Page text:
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31 Mar 2010

Afterlives of Monuments Conference

Jai Mahal (Water Palace), Jaipur, Deborah Cherry 2010

Afterlives of Monuments
TrAIN Research Centre / University of the Arts London


Afterlives of Monuments two day conference Thursday 29 and Friday 30 April 2010 at the Innovation Centre, Central Saint Martins College of Arts London 10:00 - 18:00 with evening lecture on Thursday 29 April

Eva Broer
+44 20 7514 2165

Central Saint Martins College of Arts
Southampton Row
London WC1B 4AP
United Kingdom

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TrAIN/University of the Arts London
The Afterlives of Monuments Conference 29&30 April 2010

This two day conference, including an evening lecture event on Thursday 29 April, brings together leading scholars from within and outside South Asia to create an international forum to debate the status and survivals of key markers in the colonial and post- colonial histories and spaces of South Asia. Speakers consider the ?afterlives’ of monuments, variously addressing 3 key questions relevant globally as well as locally: what makes a monument, under what conditions does it endure and for whom? They address how monuments have been reinvented and transformed for a succession of presents, for changing audiences and diverse communities. As one identifies, ?the memorial can only survive through reinvention’.

Architecture, sculpture, popular culture – monuments are multi-dimensional and multi-media, and speakers are from anthropology, art history, media studies, architecture, the museum world, and contemporary artistic practice. The period considered is from 1850s to the present. South Asian examples and settings are contextualised with a comparator of Ottoman monuments to explore the links between the afterlives of monuments and the aftermaths of empires. The objective is to facilitate cross-cultural histories and interdisciplinary approaches and to bring together scholars from diverse locations that are at different stages of their careers. Transnational scholarly collaboration across cultures and generations is facilitated by the mix of distinguished speakers and younger scholars.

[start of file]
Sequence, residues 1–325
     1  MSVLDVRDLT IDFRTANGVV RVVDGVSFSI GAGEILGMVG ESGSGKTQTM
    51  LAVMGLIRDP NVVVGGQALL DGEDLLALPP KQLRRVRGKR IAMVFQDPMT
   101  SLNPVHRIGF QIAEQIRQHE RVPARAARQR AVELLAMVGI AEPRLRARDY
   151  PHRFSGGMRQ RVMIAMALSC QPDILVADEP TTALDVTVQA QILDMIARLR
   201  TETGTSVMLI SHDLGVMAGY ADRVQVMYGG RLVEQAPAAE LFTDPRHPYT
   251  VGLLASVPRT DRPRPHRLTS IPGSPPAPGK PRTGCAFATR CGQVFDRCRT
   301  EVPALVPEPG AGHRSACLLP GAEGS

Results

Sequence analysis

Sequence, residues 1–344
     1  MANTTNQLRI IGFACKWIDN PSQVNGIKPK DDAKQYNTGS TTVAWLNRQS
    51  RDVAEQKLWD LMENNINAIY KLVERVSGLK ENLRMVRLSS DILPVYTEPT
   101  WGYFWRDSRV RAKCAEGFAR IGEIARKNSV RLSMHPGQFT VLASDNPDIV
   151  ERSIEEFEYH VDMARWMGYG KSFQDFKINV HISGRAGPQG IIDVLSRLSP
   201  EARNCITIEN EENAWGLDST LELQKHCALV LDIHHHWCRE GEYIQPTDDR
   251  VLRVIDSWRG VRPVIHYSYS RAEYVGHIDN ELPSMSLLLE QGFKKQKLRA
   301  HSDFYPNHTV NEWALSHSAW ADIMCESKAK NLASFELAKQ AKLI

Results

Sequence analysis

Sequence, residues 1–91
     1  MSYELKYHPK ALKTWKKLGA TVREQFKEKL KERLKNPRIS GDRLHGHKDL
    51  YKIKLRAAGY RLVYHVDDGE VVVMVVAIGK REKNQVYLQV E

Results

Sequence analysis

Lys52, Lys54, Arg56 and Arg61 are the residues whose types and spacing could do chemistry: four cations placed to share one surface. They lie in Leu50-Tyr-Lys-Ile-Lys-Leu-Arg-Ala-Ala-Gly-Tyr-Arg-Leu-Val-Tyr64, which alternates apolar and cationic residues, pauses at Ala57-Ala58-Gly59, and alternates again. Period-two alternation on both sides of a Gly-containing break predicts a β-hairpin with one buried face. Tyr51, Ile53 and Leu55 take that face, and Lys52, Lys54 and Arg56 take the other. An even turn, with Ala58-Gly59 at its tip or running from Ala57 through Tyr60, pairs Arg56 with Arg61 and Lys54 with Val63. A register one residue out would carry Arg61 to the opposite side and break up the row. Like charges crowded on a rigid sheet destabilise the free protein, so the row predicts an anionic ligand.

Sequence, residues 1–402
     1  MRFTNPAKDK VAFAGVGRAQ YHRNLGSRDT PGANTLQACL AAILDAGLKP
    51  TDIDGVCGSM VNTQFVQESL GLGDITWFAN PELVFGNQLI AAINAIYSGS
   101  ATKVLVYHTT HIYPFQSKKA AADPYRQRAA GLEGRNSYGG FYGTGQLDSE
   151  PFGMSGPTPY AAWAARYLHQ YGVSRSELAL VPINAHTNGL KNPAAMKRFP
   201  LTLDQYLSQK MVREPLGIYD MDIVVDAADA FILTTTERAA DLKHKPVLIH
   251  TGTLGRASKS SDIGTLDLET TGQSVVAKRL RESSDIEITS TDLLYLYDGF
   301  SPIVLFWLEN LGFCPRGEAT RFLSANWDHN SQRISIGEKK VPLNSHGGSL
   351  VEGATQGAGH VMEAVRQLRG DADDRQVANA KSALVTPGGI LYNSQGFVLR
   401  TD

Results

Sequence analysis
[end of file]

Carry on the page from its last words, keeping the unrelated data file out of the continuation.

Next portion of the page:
The conference includes papers on India, Pakistan, Bangladesh and Tibet alongside historical considerations of colony and metropolis and it interrogates the prevailing ?memory model’, which connects monuments and memorials primarily to memory. The larger purpose is to scrutinise the vast diversity of monuments (and conceptions of monuments) in South Asia in the past and the present, and to test whether and to what extent South Asian examples demand not only a challenge to western paradigms but the creation of new conceptual models and theories.

Speakers include: Professor Tapati Guha Thakurta, Dr Hilal Ahmed, Dr Tracy Anderson, Professor Zeynep Celik, Sutapa Biswas, Dr Adam Hardy, Dr Clare Harris, Partha Mitter and Professor Deborah Cherry.

The conference will take place at Central Saint Martins College of Arts in London.
For a full list of speakers, more information, ticket prices or to reserve seats, please contact

Evening lecture and reception
Thursday 29 April 6.30pm
Professor Tapati Guha-Thakurta, The Sanchi Stupa in Colonial India

Central Saint Martins College of Art and Design
Southampton Row, London WC1B 4AP
Nearest underground: Holborn